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The portrait with which we present our readers this month is that of that venerable servant of God and minister of the Gospel, the Rev. W.W. Wilkinson, B.A., Afternoon Lecturer of St. Mary Aldermary, Bow Lane, Cheapside, and Tuesday Morning Lecturer of St. Bartholomew's by the Royal Exchange. We cannot give a particular or minute account of the youth or early incidents of the life of this man of God, inasmuch as, notwithstanding he is one of the most popular preachers in London, yet he has lived all his life in the strictest privacy, from his youth dwelling in the bosom of a happy family in the midst of children, and not seeking for any enjoyment in the mixed company of the world, or hunting after preferment or applause from the great ones of the earth, although his ministry has been attended by some of the most illustrious of our Christian nobility. He has pursued his public ministry at one, or both, of the above-mentioned churches in London for upwards of half a century ; during which period he has been enabled to maintain the most correct line of Christian conduct and conversation, neither mixing himself up with, nor approving of, any of the novelties that have of late years shewn themselves; but, on the contrary, he has continued to teach and preach the doctrines of the cross in opposition to the Pelagianism which so fearfully abounds in our day. It is said of him, that from a conscientious attachment to the Church of England, he entered himself a student of Worcester College, in the University of Oxford, and, having graduated, he was ordained deacon aud priest, fully prepared to promulgate the doctrines which he had deliberately subscribed, as contained in the Articles, Homilies, and Formularies of our Apostolical Church. His Tuesday morning lecture, preached at St. Bartholomew's, by the Bank of England, near to the now-destroyed Royal Exchange, which, although it be deli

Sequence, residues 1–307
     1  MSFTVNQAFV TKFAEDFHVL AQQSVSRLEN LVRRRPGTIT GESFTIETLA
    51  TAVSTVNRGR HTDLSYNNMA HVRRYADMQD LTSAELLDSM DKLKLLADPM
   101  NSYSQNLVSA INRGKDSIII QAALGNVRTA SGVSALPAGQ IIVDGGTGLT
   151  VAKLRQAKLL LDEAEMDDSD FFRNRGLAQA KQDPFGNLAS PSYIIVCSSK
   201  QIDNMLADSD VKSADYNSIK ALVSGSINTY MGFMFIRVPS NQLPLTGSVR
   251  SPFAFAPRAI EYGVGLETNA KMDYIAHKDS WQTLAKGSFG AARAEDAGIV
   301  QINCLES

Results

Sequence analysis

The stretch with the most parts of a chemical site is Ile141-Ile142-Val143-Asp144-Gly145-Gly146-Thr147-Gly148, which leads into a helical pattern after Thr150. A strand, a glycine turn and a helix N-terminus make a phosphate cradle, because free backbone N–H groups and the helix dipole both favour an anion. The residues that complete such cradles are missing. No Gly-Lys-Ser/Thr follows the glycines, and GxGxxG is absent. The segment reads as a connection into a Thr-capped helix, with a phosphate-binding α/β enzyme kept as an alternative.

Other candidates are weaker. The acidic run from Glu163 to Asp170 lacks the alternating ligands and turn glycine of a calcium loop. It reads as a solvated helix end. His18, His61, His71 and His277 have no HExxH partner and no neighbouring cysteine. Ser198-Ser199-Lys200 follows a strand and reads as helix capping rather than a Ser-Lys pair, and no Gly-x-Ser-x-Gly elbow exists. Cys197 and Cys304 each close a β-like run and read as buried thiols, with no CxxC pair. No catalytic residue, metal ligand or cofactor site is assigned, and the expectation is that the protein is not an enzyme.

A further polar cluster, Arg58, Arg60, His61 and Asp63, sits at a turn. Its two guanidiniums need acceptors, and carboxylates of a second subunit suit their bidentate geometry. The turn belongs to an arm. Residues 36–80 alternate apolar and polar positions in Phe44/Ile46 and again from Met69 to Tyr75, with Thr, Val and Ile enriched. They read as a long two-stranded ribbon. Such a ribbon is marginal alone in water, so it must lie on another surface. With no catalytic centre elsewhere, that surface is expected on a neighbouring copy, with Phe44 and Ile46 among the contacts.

No. 11. Vol. 1. -New Series.


vered in the very heart of this great city, and in the midst of the noisy and laborious hours of business, is, nevertheless, regularly attended by a very considerable congregation, the aisles as well as the pews being literally full, and that by Christians froni all parts of the metropolis and its suburbs. Mr. Wilkinson preaches entirely without notes, or, as commonly denominated, extempore; but he has no excentricities, either in his doctrine or his manner of preaching; yet the former is always scriptural, and the latter plain and simple, but never mean or low; always practical yet strictly doctrinal ; ever animated, but without affecting novelty or the art of secular eloquence; and of that striking and impressive character which, with his venerable and patriarchal appearance, always claim attention. We cannot learn that he has ever embarked in the ocean of literature by any publication of his own sending forth, yet have many of his pulpit discourses been printed in those weekly magazines, called “ The Pulpit;" some quotations from which will conclude this brief notice, as specimens of his style. We cannot exactly state his precise age, but we believe him to be about eighty-four or eighty-five years old his next birth-day. The quotations we purpose to give are the following; the first was preached July 28, 1835, and the second March, 1829.


1 Tim. vi. 15. The blessed and only Potentate : the King of kings, and the Lord of lords.'

“ You who are doubting, consider the representation given of this blessed Being by the apostle in his epistle to the Romans; he says, “the same Lord over all, is rich unto all; the connexion evidently implies, rich in mercy.' Is not this an encouraging word to those who know and feel that if they be the subjects of Christ, they are but rebellious subjects, and unprofitable servants ? But he is Lord over all, “King of kings, Lord of Iords, the blessed and only Potentate, rich in mercy. If you look from the creation of the world down to the present time, you will see clear proof that his mercy has been in all his dealings with the children of men. · But then, observe particularly how the apostle goes on—he points out those to whom in an especial manner, he is rich in mercy. “The same Lord over all, is rich unto all that call upon him.' To call upon him in this sense implies a conviction that he is able to succour his people, and that they put their trust in him; for this is connected with that kind of faith which is styled 'the faith of God's elect, and which is said to be of “ (the